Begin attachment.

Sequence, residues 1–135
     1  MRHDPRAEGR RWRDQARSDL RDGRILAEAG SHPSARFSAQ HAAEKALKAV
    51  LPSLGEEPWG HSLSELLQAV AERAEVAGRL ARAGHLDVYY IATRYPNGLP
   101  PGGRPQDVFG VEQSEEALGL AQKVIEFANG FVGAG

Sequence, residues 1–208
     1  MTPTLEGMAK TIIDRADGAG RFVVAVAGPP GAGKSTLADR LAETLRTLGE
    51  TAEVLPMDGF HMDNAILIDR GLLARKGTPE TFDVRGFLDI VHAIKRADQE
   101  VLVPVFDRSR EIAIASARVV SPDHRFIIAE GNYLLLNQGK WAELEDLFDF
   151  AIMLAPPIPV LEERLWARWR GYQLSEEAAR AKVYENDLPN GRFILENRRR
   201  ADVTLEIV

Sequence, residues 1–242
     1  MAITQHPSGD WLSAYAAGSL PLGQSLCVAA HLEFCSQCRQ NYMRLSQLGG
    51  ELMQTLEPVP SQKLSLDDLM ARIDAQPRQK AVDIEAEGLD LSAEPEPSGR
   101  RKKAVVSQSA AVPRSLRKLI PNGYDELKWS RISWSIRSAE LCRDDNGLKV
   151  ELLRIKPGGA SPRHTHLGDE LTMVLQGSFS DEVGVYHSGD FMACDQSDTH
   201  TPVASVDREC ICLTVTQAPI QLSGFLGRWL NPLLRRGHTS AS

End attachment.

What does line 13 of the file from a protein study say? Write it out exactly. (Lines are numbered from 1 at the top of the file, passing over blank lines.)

    51  ELMQTLEPVP SQKLSLDDLM ARIDAQPRQK AVDIEAEGLD LSAEPEPSGR